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According to US Bank’s Jessie Hagen, 82% of business failures are due to poor cash flow management skills. Failure to understand and manage cash flow effectively can lead to poor personal and business credit scores.

Small business lenders look at both your personal and business credit histories which means personal credit affects small business borrowing. They almost must because so many small businesses have not started building their business credit.

But even if you do have stellar business credit, if you operate as a sole proprietorship or general partnership, your personal credit will always be considered when you apply for loans for your business.

The drawback is you, as the owner, – not your business – have to repay the loan even if the business fails. Businesses can also obtain more funding than personal borrowers.

The National Small Business Association (NSBA) 2017 Year-End Economic Report indicates 73% of companies were able to obtain desired financing, but 31% said their growth was being restrained by inability to get funding.

How to Separate Personal and Business Credit

The NSBA report also shows that 87% of small business owners could separate their business and personal credit files. Their stats from December 2017 show:

  • 12% Sole proprietor
  • 2% Partnership
  • 19% Corporation
  • 33% S-corp
  • 35% LLC

87% could choose to position their business to no longer be tied to their personal credit history because they are incorporated or have established an LLC. They are also protecting their personal assets should the business fail, but only if they have not provided personal guarantees on debts.

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Separating your personal and business credit insulates one from the other in the case of unexpected downturns personally or in business. Wolters Kluwer recommends the following steps to make it clear that the business operates separately from the owner. Most businesses will have already taken many of these steps:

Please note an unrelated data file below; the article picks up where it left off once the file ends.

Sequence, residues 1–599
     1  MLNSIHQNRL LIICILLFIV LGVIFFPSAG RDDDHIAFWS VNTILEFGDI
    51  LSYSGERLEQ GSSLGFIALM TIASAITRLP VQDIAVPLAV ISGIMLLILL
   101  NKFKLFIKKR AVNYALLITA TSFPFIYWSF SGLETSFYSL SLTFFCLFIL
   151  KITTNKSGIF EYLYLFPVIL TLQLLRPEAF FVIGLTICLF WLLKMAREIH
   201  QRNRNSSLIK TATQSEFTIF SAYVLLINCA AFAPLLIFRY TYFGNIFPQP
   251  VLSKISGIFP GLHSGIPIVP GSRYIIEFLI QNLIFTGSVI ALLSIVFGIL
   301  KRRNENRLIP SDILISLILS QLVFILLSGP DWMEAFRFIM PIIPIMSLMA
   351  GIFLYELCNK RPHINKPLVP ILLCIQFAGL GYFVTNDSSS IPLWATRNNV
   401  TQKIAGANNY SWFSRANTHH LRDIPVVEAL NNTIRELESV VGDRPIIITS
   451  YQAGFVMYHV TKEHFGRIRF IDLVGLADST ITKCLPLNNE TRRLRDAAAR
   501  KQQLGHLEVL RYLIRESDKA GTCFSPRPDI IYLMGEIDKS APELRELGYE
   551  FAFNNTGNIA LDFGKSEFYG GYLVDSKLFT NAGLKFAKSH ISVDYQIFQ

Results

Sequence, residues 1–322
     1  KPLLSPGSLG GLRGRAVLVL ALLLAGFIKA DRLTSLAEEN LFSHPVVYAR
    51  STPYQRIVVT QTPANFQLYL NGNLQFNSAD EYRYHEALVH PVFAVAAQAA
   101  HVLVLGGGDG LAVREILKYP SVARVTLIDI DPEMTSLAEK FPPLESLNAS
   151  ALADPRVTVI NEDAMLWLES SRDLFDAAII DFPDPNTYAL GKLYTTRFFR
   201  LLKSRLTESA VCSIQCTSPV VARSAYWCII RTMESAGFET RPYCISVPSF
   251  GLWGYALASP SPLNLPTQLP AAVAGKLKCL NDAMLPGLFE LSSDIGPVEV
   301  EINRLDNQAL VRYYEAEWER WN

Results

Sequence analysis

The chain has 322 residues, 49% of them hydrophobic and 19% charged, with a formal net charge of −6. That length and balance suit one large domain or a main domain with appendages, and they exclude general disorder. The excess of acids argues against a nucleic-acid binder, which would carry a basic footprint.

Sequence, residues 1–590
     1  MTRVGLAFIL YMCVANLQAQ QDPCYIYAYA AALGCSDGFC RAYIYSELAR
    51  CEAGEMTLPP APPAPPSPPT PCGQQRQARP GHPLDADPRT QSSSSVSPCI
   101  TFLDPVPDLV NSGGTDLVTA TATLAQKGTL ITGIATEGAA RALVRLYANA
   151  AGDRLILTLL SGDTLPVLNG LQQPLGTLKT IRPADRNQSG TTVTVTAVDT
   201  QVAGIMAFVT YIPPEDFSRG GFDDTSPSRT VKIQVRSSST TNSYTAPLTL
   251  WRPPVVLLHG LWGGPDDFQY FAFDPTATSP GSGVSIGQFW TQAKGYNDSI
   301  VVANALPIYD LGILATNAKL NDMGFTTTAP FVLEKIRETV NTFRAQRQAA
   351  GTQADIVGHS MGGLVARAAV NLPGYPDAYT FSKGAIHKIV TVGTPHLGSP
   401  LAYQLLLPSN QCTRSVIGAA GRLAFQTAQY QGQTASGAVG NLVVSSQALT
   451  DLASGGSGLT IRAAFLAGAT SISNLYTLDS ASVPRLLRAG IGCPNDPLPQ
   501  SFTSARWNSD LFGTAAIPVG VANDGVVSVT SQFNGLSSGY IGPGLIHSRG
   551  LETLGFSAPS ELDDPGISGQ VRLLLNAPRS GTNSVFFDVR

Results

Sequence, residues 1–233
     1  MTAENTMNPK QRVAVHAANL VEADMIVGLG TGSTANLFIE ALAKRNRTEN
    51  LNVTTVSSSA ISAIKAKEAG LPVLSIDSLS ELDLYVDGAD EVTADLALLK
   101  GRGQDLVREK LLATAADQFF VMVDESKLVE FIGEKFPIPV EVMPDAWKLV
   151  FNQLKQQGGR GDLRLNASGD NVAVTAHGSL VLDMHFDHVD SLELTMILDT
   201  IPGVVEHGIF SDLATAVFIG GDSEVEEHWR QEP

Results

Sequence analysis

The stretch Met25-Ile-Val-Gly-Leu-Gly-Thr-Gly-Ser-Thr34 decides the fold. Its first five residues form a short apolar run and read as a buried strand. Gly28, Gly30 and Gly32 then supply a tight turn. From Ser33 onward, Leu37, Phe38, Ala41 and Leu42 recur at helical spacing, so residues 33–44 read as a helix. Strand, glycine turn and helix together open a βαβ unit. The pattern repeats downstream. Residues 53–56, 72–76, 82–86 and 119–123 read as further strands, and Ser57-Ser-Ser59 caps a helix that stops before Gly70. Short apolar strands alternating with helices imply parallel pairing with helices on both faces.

1. Incorporate your business or form an LLC
  2. Obtain a federal tax identification number (EIN)
  3. Open a business bank account
  4. Establish a business phone number
  5. Open a business credit file
  6. Obtain business credit cards with a company that reports to the credit reporting agencies
  7. Establish a line of credit with at least 5 vendors and/or suppliers
  8. Always pay your bills on time

Review what business credit agencies consider when calculating your credit score so you are clear on how to manage your finances.

Consider paying your bills ahead of time as that can improve your score.

Also, consistently use your business credit cards and keep them paid off monthly to exhibit excellent credit utilization.

Small Businesses Fail Due to Lack of Cash

Even if you do not plan to borrow money now, bear in mind that statistics show 29% of small businesses fail because they run out of cash. Even if you plan well, it is impossible to anticipate all the variables that can affect your business.

Being able to get a loan to expand, hire new employees, take on a big client, or deal with unexpected emergencies provides peace of mind. Having a credit rating that allows you to get favorable interest rates and credit terms with both banks and vendors will speed your success.

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